Assessing U.S. Strategy in the Israeli-Palestinian Talks – Robert Satloff (Washington Institute for Near East Policy)
The second Obama administration has adopted a profoundly different strategy on the peace process than it did when the president came to office in 2009. Today, the peace process is not the top priority, the president is not personally engaged, and settlements are not the focus of diplomacy.
Secretary of State Kerry likes to entice Israelis with the idea that a deal with the Palestinians will trigger the Arab Peace Initiative’s promise of recognition from the wider Arab and Muslim worlds.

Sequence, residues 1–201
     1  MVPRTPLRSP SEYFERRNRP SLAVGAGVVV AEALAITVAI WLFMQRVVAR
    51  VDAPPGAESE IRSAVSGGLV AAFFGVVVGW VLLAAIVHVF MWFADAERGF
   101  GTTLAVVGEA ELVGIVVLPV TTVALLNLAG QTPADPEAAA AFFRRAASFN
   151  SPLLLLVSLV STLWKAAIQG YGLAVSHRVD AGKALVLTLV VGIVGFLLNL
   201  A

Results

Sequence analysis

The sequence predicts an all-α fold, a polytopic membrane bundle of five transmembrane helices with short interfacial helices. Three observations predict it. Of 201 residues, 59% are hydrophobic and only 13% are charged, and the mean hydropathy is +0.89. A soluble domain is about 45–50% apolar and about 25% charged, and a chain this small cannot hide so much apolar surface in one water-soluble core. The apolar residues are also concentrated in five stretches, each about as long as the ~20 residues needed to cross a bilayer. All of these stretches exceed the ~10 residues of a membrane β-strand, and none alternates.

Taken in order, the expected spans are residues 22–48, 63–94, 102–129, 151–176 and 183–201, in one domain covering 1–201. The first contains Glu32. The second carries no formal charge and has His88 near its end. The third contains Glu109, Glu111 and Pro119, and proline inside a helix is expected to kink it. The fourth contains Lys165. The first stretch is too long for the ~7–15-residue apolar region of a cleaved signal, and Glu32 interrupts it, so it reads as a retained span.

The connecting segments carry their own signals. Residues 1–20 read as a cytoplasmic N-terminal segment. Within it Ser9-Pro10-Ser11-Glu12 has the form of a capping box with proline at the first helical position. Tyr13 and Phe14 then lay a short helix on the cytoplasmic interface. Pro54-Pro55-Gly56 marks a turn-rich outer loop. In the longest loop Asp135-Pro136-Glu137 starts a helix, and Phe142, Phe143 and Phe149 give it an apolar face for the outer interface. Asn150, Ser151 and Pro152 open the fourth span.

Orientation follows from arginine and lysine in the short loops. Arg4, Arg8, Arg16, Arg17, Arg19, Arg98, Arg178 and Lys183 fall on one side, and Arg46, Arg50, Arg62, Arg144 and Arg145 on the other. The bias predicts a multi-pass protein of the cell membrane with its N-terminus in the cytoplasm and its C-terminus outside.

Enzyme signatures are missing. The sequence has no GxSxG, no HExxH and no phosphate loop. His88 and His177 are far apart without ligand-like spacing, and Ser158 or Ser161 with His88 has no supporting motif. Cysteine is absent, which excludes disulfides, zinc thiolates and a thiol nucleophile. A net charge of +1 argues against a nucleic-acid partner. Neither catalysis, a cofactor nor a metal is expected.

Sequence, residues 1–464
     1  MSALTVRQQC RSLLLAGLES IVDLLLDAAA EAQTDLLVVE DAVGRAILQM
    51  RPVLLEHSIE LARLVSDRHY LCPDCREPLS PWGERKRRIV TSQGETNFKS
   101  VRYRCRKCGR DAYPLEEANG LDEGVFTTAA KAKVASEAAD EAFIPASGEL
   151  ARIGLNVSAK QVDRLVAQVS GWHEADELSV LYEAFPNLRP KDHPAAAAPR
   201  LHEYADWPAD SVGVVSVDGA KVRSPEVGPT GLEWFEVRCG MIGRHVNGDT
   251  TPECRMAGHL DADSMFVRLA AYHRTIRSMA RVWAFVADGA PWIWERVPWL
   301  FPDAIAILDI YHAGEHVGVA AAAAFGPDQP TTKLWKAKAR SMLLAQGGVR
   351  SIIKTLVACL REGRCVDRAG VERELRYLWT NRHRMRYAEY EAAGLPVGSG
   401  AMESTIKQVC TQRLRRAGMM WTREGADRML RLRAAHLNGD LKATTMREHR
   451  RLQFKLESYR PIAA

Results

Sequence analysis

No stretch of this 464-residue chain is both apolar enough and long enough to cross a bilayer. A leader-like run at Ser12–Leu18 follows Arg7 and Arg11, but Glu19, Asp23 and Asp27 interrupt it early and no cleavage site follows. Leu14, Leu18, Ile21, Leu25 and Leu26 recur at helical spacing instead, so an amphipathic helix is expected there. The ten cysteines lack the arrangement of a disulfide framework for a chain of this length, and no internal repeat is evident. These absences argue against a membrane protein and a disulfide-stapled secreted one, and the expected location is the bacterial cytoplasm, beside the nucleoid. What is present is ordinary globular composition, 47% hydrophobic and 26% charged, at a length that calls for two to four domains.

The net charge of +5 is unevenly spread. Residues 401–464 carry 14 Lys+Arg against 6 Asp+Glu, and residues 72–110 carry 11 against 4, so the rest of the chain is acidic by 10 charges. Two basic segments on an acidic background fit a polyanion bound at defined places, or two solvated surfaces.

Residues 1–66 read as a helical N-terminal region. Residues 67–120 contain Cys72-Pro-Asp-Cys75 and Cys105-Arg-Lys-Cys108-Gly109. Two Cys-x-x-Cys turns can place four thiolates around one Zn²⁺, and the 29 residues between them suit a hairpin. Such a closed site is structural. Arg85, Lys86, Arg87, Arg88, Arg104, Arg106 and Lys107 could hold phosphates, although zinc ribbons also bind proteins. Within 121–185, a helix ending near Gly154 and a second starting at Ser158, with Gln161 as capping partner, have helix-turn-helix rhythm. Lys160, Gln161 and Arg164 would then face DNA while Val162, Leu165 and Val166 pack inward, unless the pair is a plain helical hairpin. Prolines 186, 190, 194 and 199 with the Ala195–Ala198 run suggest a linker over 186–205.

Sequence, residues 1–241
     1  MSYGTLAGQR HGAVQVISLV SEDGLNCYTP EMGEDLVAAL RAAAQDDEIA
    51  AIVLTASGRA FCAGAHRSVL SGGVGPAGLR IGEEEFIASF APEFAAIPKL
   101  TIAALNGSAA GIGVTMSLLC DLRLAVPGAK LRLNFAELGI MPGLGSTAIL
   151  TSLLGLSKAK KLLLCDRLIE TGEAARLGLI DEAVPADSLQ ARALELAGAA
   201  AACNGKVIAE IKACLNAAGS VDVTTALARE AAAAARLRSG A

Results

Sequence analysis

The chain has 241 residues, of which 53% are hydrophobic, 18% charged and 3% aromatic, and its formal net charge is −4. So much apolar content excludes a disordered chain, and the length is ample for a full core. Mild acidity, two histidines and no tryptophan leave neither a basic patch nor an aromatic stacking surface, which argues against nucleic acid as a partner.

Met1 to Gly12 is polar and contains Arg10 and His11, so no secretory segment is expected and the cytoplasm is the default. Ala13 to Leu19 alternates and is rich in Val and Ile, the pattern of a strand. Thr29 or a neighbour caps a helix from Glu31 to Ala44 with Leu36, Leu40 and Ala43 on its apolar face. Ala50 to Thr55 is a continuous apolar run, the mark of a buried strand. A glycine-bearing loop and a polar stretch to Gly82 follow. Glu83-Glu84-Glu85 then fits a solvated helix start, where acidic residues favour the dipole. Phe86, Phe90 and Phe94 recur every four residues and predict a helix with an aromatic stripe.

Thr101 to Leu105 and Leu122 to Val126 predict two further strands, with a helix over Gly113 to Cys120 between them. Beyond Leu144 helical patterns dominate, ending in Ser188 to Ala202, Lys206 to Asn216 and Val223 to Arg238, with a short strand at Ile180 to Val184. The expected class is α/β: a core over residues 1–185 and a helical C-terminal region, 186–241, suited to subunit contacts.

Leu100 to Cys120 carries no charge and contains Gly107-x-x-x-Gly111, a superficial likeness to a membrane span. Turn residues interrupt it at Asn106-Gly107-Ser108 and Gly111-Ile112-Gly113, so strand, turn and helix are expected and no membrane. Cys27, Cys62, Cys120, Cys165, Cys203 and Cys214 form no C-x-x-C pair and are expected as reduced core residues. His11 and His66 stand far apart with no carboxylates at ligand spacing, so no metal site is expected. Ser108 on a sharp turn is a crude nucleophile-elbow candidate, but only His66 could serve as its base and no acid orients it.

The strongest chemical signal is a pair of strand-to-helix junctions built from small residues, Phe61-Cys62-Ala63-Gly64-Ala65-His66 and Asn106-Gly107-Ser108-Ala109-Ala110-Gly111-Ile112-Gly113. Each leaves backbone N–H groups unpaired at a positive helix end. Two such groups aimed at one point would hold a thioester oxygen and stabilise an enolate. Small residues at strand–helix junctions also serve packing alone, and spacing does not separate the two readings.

In fact, a close reading of that initiative shows that Israel has to make peace on both the Palestinian and Syrian fronts before any commitment to Arab and Muslim recognition applies. Obviously, the chances for a Golan deal with the current Syrian government or any conceivable successor are close to zero.
Current U.S. policy on the peace process is missing four critical items:
-A rigorous effort to build a Palestinian constituency that will support tough decisions about peacemaking;
-An appreciation of the opportunities that flow from Hamas’ current vulnerability;
-High-level investment in bottom-up efforts to match the current top-down approach;
-Public airing of costs to the Palestinians should their leaders reject the U.S. framework.
The writer is executive director of The Washington Institute.